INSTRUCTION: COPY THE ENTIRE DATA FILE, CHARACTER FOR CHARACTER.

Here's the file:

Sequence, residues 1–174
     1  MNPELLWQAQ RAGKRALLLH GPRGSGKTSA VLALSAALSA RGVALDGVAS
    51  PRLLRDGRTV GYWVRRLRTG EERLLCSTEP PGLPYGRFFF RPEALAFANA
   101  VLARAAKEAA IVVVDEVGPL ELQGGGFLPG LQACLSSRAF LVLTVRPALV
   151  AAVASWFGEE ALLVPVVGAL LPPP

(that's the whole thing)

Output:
Sequence, residues 1–174
     1  MNPELLWQAQ RAGKRALLLH GPRGSGKTSA VLALSAALSA RGVALDGVAS
    51  PRLLRDGRTV GYWVRRLRTG EERLLCSTEP PGLPYGRFFF RPEALAFANA
   101  VLARAAKEAA IVVVDEVGPL ELQGGGFLPG LQACLSSRAF LVLTVRPALV
   151  AAVASWFGEE ALLVPVVGAL LPPP